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May 1985
72 pages  

5 1/2 x 8
9780822953654
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Wyndmere
Muske, Carol
Wyndmere is a town in North Dakota where Carol Muske’s mother was born, and where she visited as a child. Muske’s grandparents are buried there, and it is where her mother met and married her father. Now almost a ghost town, Wyndmere is the source of imagery in many of these poems, as well as the idea of Wynd-mere, wind-mother, both inspiration and principle of separation.
Carol Muske has taught in the graduate writing programs at Columbia University, the Iowa Writers' Workshops, the University of California at Irvine, and the University of Virginia. Her first book of poems, Camouflage, was published in 1975 by the University of Pittsburgh Press, followed by Skylight (1981) and Wyndmere (1985). Among her awards are the 1979 Alice Fay Di Castagnola Award of the Poetry Society of America, and a 1981 National Endowment for the Arts Poetry Fellowship.
"Carol Muske's tautly phrased, muted, highly condensed and vibrant poems are distinguised by the delicacy of their feeling, the subtlety of their wit and especially by their ability to present the ordinary events of life. . . .as if they were being experienced for the first time." -Marjorie Perloff "I admire enormously the power and beauty the bright, clear language gives Carol Muske's new poems. . . .it is the poet's characted which shows and at times even shines through the language into the poems. . . .it is hard to believe most poems these days; most poems any time, probably. Not these."—Donald Justice

"The photograph of Carol Muske on the back cover of Wyndmere is sweet--loose curls, wide smile, rounded cheeks--promising gentleness and soft sensuality. The eyes are lowered. But inside the poems the eyelids lift, and the gaze is wide, level, and piercing. These poems come straight from 'The gold unblinking eye of the forge.'" —Field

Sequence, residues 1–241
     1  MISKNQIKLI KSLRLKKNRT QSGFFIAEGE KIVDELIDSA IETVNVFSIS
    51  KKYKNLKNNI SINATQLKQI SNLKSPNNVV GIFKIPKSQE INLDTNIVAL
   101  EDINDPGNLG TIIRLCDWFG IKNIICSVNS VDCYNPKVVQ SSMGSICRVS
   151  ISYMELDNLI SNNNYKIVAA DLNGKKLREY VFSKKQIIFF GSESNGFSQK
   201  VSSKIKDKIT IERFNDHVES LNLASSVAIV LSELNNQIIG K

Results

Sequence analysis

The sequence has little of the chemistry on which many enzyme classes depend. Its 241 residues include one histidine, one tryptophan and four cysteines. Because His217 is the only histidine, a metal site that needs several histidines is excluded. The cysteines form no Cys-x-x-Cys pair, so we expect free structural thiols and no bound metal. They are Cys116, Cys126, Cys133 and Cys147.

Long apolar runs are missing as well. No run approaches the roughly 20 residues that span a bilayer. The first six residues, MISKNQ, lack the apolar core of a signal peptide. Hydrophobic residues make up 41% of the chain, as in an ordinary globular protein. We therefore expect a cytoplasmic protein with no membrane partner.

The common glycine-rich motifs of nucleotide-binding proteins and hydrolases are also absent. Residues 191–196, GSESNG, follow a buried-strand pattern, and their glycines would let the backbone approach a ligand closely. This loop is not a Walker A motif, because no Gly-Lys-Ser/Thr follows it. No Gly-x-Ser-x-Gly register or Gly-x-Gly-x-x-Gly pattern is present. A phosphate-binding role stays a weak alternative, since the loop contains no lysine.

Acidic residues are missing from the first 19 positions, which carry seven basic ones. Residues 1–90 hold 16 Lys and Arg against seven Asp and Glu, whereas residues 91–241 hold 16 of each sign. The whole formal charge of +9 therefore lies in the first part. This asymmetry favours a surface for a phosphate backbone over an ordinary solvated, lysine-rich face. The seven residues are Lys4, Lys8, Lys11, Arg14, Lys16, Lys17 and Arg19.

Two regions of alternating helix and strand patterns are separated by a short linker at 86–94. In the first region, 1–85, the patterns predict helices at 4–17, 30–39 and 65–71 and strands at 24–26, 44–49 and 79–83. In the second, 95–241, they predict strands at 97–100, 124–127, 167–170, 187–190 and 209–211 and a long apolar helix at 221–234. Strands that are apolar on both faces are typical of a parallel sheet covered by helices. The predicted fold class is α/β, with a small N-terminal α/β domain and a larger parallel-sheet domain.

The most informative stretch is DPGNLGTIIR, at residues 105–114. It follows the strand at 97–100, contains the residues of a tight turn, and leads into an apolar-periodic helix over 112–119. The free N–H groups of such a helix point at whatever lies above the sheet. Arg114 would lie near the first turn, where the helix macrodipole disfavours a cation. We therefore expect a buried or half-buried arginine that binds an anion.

"Personal, deeply human poems." —Library Jounal

“Wyndmere is that rare thing in poetry today -- a genuine pleasure to read."—Dana Gioia, Hudson Review

"These transitional poems are a peaceable region, elevated, yet placed between our opposing classical and romantic traditions. they are poems that clear the air." —Norman Dubie

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Wyndmere is a town in North Dakota where Carol Muske’s mother was born, and where she visited as a child. Muske’s grandparents are buried there, and it is where her mother met and married her father. Now almost a ghost town, Wyndmere is the source of imagery in many of these poems, as well as the idea of Wynd-mere, wind-mother, both inspiration and principle of separation.
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